I took advantage of the first dull day in recent weeks to start enamelling the cut copper samples for the Sky project. My enamel studio is based in an old conservatory- simply because this was the only space suitable to house the larger kiln and the required water and electricity supplies on the ground floor – but it faces south and gets very hot and even hotter when the kilns are firing, so I tend to enamel in cooler weather
I had drawn up several colour studies for this work as I am not sure whether I want to have the stripes of the sky sized in relation to the drawings or seen simply as a colour chart – hence the 2 sets of samples opposite. Each sample had been cut, drilled and cleaned in preparation for firing, now I had to make up the colour recipes from one of my sky studies shown in the previous blog, Severn Seas Skies. What I find fascinating about enamel and what drew me to want to make this work is that using several transparent colours over different ground colours it is possible to achieve subtle and glowing tones, perfect for describing the coloured air of the sky. The sky I chose to work from is the first sky on the left of the picture below, plenty of scope to run through a gamut of contrasting colours.
The actual colour chart that I worked from can be seen below, it is as close as I can make using my pastel crayons which can be blended into many subtle shades. I will have to buy some more enamels later when I start the big pieces but meanwhile I work with what I have, this way I can discover some interesting outcomes and learn a lot. Making colour with enamel is not the same as using any paint I work with, I suspect it is like using glazes in tempera or certain types of oil paints, but I find it most like silk screen-printing which can be used for the over printing of transparent colours.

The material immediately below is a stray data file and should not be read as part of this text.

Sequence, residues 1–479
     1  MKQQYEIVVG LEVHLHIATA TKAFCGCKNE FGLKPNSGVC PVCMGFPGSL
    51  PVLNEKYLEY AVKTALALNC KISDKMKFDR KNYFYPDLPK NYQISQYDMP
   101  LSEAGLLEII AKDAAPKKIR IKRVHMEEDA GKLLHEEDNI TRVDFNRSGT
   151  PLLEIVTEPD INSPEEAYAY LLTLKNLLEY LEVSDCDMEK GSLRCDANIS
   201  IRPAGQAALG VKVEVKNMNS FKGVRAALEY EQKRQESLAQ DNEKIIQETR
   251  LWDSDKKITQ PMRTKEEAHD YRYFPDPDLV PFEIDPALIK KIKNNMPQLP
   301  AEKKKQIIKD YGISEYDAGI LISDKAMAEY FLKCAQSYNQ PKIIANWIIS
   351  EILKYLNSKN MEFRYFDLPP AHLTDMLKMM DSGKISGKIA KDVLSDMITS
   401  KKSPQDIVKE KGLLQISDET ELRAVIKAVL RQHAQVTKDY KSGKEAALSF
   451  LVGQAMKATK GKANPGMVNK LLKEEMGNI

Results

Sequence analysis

One of the things to get used to with enamel is imagining the colours before you have fired them, some pale colours are just white in powder form, and sometimes different batches of the same colour look totally different in the packages than the last batch you worked with – they always fire the well enough though. But it takes a long time to get used to all of this specially if you are a colour-control-freak.
I try to write the colour recipes down as I develop them, the scribbled notes can be seen below showing the half way stage of the sampling session.
By the end of enamelling I have the 2 sets of samples and the recipes are sorted, but one unexpected and useful thing is that the 2 colours I made for the muddy water of the estuary are similar to a paint sample I was given for a commission to make a set of door plates, the hellebore doorplate is shown next to the colours below…..and most poetically, the enamels that make up this particular mud shade are called Sandlewood, Blue Ruby and Rose.
Now my next task is to decide the colour and thickness of the wires for stitching the plates together to form a panel; the first idea of muted blues and greens isn’t working…..and I feel I may need to get rid of the shine – I will keep you posted on my progress.